EXTREME PANORAMIC PROJECT
DOCUMENTING THE YOSEMITE VALLEY
AT UNPRECEDENTED RESOLUTION
SHOOTING 10,000 IMAGES
IN 45 MINUTES
Yosemite Valley has always held fascination for Eric Hanson of Blueplanet VR, who previously had used Yosemite as a test-bed subject for developing early gigapixel imaging and terrain capture techniques for large landscapes.
That early work led to the 2008 Yosemite Extreme Imaging Project, where Eric and his colleagues orchestrated 70 photographers to document the sixteen miles of valley walls in gigapixel resolution for NPS geologist Greg Stock, Ph.D., shooting 10,000 high resolution images from a number of different vantage points all around the valley during 45 minutes.
This unique documentation was then used to create a detailed, true to life 3D model of the entire valley.
The unprecedented resolution and freely accessible online publishing of that work provides useful reference for the climbing community, academic research, and Yosemite search and rescue (YOSAR) teams.
THE YOSEMITE EXTREME PANORAMIC IMAGING PROJECT
Yosemite Valley experiences numerous rockfalls each year, with over 600 rockfall events documented since 1850.
Due to the pulverization of the rockfall mass, evaluating and quantifying rockfall characteristics has proved challenging without any high-resolution baseline imagery of the Valley walls, which could act as a useful datum for before/after comparisons.
In 2008, The Yosemite Extreme Panoramic Imaging Project, a partnership between geologist Greg Stock, Ph.D. of the National Park Service and Eric Hanson’s X Rez Studio, set out to do so by creating unprecedented documentation of Yosemite Valley’s granite walls by shooting 10,000 images concurrently over sixteen miles of the valley walls.
Base technology used included gigapixel panoramic photography, LIDAR-based digital terrain modeling, and three-dimensional computer rendering.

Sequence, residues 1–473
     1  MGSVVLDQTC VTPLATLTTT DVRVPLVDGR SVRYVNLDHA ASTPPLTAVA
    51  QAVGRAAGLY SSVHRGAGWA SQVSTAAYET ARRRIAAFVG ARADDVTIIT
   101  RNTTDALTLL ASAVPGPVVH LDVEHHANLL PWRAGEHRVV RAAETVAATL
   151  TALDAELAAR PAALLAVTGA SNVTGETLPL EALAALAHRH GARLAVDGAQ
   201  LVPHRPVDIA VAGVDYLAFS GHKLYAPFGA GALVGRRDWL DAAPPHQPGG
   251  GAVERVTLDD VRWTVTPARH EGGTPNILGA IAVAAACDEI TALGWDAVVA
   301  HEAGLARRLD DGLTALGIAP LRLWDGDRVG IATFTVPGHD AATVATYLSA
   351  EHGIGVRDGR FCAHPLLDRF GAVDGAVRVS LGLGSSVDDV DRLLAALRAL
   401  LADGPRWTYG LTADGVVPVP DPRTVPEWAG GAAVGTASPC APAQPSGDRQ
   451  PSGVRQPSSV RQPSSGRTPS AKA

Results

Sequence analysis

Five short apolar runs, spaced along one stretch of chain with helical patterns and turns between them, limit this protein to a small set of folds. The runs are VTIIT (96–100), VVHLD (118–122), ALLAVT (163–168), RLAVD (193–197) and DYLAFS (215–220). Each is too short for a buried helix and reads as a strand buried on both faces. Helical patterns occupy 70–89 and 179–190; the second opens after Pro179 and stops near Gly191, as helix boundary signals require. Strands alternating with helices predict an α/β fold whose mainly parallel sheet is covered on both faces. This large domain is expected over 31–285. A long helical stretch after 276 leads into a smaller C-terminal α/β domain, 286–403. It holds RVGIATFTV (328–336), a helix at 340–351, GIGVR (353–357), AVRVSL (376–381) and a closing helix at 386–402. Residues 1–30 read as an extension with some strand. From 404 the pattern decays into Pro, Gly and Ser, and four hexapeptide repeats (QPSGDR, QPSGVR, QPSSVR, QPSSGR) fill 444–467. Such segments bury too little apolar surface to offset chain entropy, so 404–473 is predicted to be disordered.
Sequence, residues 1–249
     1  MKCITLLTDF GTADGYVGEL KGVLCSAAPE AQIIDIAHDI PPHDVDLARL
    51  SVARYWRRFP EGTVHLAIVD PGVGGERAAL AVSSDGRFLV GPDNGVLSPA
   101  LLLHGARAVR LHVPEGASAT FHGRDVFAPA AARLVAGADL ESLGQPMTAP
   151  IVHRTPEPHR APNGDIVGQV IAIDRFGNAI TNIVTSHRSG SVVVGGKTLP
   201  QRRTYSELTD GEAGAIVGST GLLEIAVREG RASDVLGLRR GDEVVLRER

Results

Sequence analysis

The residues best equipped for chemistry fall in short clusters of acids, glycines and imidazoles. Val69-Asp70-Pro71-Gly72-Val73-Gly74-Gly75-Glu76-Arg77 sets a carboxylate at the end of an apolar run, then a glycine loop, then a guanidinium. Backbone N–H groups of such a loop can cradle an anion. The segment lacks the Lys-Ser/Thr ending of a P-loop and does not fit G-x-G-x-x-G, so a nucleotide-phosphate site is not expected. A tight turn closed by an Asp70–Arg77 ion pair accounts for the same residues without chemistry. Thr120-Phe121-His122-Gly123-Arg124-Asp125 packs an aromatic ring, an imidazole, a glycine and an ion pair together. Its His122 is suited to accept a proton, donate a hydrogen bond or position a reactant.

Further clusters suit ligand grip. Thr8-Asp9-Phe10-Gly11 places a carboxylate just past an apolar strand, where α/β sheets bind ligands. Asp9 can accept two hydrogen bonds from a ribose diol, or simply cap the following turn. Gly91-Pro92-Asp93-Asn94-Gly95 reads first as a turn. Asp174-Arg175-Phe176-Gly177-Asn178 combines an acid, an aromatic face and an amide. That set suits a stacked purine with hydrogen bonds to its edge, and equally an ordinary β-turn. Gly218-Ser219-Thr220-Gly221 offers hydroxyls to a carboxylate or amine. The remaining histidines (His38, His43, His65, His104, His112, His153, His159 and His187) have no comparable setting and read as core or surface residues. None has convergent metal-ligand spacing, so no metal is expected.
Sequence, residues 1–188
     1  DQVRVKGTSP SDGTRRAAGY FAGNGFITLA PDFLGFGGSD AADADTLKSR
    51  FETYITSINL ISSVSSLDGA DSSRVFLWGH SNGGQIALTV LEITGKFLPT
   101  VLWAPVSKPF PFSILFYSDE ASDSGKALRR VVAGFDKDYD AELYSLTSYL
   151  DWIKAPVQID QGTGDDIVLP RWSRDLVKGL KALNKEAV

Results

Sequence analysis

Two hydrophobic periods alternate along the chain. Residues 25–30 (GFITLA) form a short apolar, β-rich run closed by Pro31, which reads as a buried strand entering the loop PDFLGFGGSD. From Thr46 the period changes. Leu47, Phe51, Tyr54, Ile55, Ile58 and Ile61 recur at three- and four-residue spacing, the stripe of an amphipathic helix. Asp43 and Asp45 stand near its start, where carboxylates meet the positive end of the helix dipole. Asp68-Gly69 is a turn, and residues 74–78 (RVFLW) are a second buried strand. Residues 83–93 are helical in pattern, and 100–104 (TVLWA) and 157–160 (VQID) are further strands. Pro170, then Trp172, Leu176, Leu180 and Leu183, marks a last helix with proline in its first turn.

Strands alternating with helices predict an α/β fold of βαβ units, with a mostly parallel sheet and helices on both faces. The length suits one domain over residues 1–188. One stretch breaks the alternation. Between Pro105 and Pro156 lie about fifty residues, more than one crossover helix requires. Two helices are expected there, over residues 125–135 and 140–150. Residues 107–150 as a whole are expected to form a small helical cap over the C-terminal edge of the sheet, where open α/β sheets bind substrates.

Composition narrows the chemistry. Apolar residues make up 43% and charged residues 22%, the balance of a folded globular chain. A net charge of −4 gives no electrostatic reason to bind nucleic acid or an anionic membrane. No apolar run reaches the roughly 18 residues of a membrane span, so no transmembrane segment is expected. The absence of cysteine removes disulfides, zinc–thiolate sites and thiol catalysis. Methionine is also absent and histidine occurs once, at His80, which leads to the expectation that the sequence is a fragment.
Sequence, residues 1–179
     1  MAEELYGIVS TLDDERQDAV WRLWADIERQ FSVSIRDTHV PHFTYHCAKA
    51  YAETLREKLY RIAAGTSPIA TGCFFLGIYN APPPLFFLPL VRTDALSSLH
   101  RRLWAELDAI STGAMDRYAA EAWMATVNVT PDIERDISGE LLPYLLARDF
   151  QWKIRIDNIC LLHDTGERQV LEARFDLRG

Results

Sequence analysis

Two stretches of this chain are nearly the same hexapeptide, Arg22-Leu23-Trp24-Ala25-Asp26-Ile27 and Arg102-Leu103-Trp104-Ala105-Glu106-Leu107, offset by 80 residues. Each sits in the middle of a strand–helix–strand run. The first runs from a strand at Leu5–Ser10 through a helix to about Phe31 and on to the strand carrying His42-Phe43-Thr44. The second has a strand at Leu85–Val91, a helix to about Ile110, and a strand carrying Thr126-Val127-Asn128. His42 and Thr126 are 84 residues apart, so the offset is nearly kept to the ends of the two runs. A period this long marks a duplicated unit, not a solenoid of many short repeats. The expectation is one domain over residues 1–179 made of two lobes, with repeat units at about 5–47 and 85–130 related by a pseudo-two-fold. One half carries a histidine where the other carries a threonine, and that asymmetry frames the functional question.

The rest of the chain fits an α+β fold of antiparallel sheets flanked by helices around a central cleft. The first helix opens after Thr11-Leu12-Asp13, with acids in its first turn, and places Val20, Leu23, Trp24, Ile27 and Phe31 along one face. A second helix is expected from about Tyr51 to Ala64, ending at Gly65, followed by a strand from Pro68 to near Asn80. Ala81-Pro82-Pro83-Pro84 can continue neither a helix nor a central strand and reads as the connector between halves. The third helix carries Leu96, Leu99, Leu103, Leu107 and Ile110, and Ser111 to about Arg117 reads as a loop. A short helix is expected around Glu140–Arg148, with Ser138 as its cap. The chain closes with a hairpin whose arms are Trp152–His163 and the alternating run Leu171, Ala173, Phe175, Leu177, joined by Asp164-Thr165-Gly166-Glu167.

The primary gigapixel capture was accomplished by 20 separate photographic teams shooting from key overlapping locations throughout the valley, amounting to 36,000 vertical feet of trail ascended.
The shots were taken simultaneously in order to ensure uniform lighting, with each team taking over 500 overlapping shots from each vantage point using an accessible Gigapan device with Canon G9 cameras.
Each team’s shots were later assembled with PTGui into 20 separate gigapixel panoramas, viewable here. In addition, all 20 gigapixel panoramas were projected onto a 1-meter resolution digital terrain model in Maya 3D animation software, unifying 16 miles of Yosemite’s walls into 2 single vertical orthographic views.
The resulting images reveal the complex geologic interrelation of Yosemite Valley’s monuments in very high resolution and yield a unique, non-perspective elevational view of the valley walls, a first in landscape photography.
In addition, a hang gliding flight was contracted to act as a photographic survey, the glider equipped with 3 time-lapse cameras which provided a point cloud data representation of the valley walls through the use of Microsoft Photosynth.
The results can be seen in the Siggraph 2009 course on “Computation & Cultural Heritage” Several major rockfalls have already occurred since the project’s completion, and repeat photography of these areas has clearly delineated the rockfall source areas and failure dynamics, ultimately calling for the closing of 300 structures in Camp Curry.
Thus, the imagery has already proven to be a valuable tool for monitoring and understanding rockfall in Yosemite Valley, and ultimately providing further safety for the public.
It also shows the possibilities of the quality of information a photographic image, enabled with powerful new imaging technology, can provide for the earth sciences.